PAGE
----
9月10日 Kees Jan van Groenigen: Exploring the limitations of soil carbon storage
主 讲 人：Kees Jan van Groenigen (副教授 英国埃克塞特大学)
主 持 人：周旭辉 (教授)
Dr. Kees Jan van Groenigen is a biogeochemist. Through his research, he tries to understand how plants and soil respond to - and influence - environmental change. He has studied carbon and nutrient cycles in a wide range of ecosystems, including grasslands, cropland, temperate forests and rice paddies. He often uses meta-analytic techniques to synthesize findings in his field of research. He also studies the role of soil microbes in carbon and nitrogen cycles, using techniques such as incubation experiments, isotopic tracers and analyses of biomarkers. He has been editor for a number of journals, such as Biogeosciences and Plant and Soil. He has authored more than 60 publications, with total citations of >4500. Most of his recent works have published in top journals such as Nature, Science, Nature Climate Change, PNAS, Science advance and Global Change Biology as first or corresponding author.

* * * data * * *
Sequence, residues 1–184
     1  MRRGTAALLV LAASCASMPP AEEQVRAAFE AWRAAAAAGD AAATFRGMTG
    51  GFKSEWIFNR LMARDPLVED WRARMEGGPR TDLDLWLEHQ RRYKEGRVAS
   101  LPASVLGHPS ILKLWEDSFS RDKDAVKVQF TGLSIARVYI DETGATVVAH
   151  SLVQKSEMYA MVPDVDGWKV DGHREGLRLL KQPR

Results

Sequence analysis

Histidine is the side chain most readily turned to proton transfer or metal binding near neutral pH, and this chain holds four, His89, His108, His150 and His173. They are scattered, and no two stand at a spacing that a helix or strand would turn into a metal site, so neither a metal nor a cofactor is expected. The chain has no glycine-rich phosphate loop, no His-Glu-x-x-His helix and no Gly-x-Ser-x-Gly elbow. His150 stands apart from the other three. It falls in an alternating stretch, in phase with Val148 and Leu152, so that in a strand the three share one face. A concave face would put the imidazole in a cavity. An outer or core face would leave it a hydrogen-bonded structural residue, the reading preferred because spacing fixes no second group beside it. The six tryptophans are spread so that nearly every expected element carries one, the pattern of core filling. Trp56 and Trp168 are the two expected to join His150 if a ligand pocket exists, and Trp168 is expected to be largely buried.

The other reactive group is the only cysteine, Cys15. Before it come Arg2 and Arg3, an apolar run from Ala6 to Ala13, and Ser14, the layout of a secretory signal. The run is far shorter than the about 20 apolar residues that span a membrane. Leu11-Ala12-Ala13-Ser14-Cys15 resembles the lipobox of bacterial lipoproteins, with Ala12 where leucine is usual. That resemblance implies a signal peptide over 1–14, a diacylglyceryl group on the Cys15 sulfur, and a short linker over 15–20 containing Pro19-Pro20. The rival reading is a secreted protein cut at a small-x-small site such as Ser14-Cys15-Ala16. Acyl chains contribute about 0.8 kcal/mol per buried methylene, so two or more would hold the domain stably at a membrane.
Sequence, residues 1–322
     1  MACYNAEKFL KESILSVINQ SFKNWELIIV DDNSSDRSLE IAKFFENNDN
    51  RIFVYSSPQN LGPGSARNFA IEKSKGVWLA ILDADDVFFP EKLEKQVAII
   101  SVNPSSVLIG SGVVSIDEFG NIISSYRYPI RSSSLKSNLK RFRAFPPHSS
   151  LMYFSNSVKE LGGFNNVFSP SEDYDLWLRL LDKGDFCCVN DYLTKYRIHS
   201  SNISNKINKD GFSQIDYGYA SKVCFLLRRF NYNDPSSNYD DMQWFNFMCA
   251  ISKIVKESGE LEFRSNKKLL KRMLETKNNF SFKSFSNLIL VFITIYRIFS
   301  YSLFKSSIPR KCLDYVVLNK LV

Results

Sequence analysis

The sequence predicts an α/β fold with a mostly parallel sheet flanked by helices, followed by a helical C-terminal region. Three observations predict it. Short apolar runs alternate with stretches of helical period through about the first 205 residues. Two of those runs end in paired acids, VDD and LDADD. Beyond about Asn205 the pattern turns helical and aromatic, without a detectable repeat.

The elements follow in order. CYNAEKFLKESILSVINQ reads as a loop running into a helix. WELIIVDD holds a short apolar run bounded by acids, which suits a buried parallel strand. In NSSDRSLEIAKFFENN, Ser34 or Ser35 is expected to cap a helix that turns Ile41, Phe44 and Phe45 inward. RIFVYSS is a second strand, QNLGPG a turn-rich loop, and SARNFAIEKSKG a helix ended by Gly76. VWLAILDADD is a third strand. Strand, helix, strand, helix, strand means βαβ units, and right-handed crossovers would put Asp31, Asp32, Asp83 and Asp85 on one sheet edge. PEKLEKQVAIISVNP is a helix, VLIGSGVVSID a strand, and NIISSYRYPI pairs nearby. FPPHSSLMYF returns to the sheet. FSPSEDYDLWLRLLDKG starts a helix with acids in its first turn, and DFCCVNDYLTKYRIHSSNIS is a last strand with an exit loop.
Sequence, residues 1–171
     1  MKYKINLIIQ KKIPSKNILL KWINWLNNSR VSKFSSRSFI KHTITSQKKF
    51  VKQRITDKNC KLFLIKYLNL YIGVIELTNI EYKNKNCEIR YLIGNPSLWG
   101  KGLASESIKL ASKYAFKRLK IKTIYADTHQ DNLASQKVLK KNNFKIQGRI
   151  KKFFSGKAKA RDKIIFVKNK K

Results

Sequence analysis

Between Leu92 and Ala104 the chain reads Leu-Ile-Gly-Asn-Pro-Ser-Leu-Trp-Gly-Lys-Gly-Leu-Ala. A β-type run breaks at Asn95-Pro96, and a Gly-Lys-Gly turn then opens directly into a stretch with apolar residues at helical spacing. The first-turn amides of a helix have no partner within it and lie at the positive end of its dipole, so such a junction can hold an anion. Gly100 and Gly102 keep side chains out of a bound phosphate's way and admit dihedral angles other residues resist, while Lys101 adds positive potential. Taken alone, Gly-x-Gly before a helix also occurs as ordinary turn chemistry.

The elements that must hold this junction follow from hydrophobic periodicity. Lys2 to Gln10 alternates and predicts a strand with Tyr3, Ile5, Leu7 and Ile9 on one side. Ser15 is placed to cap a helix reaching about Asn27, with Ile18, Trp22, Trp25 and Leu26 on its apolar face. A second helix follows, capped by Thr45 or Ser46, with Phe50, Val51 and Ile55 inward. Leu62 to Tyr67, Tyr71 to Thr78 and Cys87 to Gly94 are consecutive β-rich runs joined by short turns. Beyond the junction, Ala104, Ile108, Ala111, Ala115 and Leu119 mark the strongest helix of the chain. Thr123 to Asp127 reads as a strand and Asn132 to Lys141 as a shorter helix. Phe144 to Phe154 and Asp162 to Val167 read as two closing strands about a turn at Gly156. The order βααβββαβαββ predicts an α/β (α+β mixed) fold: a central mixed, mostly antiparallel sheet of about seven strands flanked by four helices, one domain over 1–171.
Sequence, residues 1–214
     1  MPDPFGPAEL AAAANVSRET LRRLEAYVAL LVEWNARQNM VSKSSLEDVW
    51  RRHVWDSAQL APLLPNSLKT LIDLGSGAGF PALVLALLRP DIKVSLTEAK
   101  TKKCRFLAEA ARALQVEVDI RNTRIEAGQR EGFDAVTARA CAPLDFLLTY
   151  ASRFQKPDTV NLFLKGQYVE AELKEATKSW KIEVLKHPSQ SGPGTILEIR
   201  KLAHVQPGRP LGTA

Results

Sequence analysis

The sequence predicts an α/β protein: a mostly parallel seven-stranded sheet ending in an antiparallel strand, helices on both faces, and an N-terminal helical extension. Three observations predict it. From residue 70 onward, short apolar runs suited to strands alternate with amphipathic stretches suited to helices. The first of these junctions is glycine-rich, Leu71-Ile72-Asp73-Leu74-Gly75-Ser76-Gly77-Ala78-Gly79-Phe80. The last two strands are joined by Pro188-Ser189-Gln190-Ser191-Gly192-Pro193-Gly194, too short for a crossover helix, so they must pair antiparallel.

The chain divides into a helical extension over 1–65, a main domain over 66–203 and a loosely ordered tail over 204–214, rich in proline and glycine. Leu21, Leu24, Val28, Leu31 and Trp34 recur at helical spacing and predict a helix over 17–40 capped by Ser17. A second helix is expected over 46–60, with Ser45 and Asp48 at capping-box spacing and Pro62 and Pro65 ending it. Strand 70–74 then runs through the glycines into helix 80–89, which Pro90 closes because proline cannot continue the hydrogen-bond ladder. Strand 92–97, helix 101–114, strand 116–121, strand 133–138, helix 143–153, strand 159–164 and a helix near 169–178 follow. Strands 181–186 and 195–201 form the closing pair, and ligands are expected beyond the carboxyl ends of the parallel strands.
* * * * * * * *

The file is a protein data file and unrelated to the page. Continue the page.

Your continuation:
Stimulating soil carbon (C) storage in agricultural lands has been proposed as an effective climate mitigation tool. However, stoichiometric ratios between carbon (C), nitrogen (N) and phosphorus (P) in soil organic matter (SOM) are essentially stable. This means that soil C sequestration implies similar sequestration rates of N and P. I will discuss several stoichiometric issues that seriously limit both the feasibility and the effectiveness of stated soil C sequestrations goals, i.e. the 4P1000 initiative. First, I will argue using basic stoichiometric relations that successful implementation of 4P1000 would require N equivalent to approximately 75% of current global fertilizer production. Similar arguments could be made for other nutrients such as P. Second, I will show using data from the long-term experiments at Rothamsted Research, as well as meta-analysis, that the C sequestration potential of a soil is controlled by N supply and that initial sequestration rates are not sustainable over the long term. Third, I will present experimental data showing that increased nitrous oxide emission in soils with more SOM may offset any benefits in terms of greenhouse gas mitigation. Finally, I will argue for a more realistic view of the role of soil organic matter in sustaining soil functions and soil life, and advocate a diversified approach towards mitigating global warming through soil management.